As I’ve noted before, I am including Topics on this Blog that people encounter at various stages in their life.  Henry just passed his six-month “Birthday”(?), so it’s time for me to stop procrastinating–and start his Investment Fund.  The Uniform Gifts to Minors Account (UGMA) and the 529 Education Plan are the two most popular.  There is an UTMA (Trust) which is virtually the same as an UGMA, and the Education IRA, with only a $2,000 maximum annual contribution; so, I am omitting them in this discussion.

“Gifting” is a strategy which people generally use to convey assets to others.  The maximum amount this year is $14,000 ($28,000 Joint), without the IRS assessing the gift tax. This is a popular Estate Planning Tool in that assets given to a Minor are usually taxed at a lower tax rate, and they remove them from the Donor’s Taxable Estate.  Actually, you can gift assets to as many people, of any age, as you wish.

Donors may give the same amount to both UGMAs and 529s.  The one primary difference is that a 529 can be pre-funded up to five years ($70,000/$140,000) at one time; however, further gifts would not be permitted for the next four years.  The pre-funding option would be advisable for Donors who are extremely elderly.   But, to me, the UGMA is a much better Plan because it is more flexible and will be discussed below.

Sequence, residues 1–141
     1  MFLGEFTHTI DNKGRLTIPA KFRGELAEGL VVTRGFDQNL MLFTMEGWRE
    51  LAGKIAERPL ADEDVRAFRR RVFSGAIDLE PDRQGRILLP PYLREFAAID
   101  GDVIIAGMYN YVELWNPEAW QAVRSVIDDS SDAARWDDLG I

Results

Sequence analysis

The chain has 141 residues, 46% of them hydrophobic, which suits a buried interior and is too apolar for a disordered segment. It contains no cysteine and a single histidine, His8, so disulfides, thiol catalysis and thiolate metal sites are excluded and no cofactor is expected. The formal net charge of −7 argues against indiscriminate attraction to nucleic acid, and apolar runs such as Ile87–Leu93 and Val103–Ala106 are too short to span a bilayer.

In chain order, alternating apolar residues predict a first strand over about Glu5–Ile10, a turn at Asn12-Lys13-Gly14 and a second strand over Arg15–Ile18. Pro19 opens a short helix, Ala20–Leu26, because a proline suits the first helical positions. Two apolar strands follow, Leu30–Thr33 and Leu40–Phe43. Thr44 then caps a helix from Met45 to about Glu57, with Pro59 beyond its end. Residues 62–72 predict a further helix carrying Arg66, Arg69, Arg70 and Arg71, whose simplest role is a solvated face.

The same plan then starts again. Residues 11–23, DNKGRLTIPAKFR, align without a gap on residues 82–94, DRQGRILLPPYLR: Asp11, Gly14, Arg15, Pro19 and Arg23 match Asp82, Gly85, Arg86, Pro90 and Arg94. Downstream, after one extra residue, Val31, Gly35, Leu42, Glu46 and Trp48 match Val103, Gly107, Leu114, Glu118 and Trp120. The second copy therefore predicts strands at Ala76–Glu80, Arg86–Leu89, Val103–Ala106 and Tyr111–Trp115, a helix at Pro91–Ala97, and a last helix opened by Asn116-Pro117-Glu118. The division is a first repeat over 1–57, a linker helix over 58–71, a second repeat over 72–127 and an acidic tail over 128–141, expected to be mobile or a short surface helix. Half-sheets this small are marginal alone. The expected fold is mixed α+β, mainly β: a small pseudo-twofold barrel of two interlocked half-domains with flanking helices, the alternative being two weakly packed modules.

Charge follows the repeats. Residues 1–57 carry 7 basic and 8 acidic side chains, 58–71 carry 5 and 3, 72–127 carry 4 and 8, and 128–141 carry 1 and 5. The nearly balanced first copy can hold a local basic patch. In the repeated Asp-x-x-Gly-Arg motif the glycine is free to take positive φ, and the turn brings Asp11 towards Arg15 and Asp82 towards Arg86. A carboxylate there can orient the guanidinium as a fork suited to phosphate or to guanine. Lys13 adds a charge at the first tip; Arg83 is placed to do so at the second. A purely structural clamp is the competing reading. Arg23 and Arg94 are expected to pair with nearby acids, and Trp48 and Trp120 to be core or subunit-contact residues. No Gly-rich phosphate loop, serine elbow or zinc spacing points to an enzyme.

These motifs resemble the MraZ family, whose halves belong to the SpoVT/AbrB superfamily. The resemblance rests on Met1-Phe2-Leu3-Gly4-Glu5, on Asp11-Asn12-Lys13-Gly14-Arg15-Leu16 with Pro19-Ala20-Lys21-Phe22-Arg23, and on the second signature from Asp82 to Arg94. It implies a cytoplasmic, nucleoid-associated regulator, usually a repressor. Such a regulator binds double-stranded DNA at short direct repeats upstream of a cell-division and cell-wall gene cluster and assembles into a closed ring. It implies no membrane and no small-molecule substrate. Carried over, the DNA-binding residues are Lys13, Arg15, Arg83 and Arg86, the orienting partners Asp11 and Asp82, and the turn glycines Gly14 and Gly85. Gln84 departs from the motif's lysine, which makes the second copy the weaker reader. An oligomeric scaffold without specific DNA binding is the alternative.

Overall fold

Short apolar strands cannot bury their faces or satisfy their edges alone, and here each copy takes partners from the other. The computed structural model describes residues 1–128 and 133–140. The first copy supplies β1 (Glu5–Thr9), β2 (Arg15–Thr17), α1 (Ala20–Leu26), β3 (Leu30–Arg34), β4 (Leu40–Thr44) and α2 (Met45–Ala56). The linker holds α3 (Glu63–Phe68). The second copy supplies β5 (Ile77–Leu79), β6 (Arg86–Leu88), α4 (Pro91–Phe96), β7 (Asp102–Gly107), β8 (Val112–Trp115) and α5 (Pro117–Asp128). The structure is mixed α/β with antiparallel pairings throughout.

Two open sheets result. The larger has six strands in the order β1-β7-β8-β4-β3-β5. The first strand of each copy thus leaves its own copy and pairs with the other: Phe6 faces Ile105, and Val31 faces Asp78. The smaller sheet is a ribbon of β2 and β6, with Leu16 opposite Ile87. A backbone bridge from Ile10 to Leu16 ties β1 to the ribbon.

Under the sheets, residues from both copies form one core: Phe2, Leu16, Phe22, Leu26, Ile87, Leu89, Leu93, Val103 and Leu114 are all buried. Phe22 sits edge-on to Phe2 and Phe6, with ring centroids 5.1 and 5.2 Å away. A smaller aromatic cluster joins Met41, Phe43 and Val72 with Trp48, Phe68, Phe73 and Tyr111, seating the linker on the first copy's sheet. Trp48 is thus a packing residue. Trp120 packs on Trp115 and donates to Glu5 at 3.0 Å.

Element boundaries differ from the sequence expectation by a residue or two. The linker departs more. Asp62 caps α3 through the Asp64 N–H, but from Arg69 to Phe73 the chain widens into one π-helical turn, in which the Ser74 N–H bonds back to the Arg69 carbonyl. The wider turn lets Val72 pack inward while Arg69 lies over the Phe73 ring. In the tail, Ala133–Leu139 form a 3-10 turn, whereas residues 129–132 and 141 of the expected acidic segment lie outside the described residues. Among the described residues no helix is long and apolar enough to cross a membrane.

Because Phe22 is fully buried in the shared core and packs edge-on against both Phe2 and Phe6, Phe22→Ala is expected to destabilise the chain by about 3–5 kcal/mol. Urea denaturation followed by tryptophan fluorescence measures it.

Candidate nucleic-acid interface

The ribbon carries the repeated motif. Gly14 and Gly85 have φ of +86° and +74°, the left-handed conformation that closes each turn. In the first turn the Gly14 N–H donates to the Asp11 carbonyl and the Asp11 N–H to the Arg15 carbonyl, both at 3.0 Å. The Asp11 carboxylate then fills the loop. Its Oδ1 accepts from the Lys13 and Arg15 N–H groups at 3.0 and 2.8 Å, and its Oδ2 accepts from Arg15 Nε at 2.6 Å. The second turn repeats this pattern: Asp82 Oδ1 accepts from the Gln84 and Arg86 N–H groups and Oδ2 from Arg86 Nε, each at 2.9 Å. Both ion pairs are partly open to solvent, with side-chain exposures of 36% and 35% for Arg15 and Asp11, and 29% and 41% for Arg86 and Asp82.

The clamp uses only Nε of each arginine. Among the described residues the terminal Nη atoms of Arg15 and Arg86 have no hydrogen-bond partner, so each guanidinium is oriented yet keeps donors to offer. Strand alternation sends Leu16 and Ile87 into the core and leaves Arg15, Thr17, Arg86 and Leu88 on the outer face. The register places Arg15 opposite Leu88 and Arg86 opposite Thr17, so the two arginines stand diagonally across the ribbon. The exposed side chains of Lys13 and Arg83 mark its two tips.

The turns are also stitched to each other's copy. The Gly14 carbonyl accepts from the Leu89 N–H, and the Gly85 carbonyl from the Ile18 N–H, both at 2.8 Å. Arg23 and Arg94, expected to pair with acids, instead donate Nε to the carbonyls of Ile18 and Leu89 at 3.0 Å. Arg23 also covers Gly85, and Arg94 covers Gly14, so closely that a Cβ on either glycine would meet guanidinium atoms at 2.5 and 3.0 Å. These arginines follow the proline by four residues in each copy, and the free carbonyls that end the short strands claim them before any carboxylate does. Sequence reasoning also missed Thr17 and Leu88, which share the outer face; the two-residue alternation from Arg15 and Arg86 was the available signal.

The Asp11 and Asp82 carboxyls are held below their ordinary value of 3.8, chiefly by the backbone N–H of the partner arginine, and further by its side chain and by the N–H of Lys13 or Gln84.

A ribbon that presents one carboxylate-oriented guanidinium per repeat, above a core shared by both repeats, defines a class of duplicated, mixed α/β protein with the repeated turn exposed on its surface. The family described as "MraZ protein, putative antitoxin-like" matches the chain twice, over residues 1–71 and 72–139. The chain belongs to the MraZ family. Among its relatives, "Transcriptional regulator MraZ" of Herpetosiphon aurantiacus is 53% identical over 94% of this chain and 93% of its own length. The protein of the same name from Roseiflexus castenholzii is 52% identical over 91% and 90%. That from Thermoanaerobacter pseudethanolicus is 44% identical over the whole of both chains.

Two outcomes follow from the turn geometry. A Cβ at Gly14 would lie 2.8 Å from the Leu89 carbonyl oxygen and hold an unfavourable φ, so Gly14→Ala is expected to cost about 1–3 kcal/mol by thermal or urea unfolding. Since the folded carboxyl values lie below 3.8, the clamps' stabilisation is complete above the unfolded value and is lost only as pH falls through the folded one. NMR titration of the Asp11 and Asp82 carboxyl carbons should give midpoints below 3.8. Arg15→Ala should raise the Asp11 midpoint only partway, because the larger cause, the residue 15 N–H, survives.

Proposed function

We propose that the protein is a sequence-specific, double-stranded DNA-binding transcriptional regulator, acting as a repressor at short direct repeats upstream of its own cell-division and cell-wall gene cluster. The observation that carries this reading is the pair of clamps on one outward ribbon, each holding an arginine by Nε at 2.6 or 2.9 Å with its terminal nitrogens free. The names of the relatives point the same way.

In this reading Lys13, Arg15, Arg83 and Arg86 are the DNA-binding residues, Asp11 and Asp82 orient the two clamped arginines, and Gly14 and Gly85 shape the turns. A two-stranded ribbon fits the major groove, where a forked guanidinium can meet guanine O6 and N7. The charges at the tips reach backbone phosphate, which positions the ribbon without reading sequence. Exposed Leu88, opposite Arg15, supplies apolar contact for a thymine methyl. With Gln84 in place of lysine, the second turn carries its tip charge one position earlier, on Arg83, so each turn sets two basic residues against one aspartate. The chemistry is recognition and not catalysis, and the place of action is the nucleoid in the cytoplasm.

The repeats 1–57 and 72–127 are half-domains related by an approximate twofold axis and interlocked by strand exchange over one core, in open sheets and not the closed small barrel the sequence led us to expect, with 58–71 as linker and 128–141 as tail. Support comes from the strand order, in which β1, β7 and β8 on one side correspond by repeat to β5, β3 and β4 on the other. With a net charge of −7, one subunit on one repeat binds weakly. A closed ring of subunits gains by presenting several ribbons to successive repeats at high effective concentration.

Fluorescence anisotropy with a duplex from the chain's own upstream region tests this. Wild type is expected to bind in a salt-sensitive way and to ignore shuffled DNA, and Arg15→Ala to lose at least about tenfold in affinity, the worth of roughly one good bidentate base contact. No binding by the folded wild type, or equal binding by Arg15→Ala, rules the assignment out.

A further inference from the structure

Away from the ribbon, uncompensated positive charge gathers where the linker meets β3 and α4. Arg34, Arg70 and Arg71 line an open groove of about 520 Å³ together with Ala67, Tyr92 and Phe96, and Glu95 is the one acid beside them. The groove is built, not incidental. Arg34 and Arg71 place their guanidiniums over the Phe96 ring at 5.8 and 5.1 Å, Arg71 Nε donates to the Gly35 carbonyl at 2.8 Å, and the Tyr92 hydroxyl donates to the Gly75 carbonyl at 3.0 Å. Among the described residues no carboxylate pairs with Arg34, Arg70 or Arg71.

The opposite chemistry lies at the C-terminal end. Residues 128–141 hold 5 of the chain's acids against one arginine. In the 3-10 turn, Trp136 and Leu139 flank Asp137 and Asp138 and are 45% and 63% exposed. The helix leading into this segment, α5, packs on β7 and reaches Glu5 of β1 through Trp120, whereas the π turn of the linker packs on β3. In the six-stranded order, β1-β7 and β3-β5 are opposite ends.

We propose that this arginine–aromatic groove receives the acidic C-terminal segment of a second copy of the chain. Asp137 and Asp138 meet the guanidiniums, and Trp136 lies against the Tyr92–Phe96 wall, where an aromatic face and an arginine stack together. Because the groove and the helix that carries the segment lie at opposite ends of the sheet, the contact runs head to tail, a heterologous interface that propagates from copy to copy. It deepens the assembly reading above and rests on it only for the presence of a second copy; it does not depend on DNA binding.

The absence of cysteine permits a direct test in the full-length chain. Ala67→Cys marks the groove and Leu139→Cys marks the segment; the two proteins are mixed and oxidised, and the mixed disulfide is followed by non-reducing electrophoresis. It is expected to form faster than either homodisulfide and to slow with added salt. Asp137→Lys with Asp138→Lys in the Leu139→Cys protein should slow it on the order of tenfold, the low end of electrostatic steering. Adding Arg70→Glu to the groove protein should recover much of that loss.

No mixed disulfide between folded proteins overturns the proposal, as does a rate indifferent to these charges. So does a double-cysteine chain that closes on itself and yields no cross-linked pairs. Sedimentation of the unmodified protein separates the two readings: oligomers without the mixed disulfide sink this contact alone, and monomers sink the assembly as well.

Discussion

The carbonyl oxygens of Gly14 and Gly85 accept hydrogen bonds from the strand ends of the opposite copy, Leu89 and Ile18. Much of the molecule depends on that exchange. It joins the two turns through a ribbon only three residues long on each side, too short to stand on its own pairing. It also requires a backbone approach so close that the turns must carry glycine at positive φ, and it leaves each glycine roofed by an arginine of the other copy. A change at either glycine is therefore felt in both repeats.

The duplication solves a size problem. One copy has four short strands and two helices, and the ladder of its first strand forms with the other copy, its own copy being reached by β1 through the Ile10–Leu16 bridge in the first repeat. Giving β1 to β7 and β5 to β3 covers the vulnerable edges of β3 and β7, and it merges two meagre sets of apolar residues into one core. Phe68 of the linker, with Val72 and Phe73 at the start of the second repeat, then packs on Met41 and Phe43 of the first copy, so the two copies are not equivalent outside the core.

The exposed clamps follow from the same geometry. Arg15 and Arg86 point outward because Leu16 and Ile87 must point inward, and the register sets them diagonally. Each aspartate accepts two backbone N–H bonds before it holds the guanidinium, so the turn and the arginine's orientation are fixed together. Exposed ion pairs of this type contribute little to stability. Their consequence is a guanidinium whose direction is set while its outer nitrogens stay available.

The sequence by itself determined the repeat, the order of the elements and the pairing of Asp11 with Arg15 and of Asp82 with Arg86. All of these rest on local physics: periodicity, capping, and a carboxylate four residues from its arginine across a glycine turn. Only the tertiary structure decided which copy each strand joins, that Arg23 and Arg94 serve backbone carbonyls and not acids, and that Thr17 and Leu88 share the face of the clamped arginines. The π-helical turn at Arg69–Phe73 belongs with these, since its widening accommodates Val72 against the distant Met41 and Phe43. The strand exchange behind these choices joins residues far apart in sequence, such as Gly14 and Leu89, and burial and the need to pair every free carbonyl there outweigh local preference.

529 Plans are offered by the various states.  Some have a form of pre-paid tuition, for a certain number of years, at a state university.  Other Plans, even by some or different states are tied-in with mutual fund companies.  Either of the 529 Plans might have penalties if the Beneficiary does not attend a state university, or leaves school early.

The state-sponsored plans, administered by mutual fund companies, limit the investment options to that company’s funds, and often just some of them–and perhaps not even their most popular ones. Whether you invest in the 529 that is administered by the state, through a mutual fund company, or a combination of the two, you can only withdraw the money for “educational purposes”.  Now, who’s to say what that means?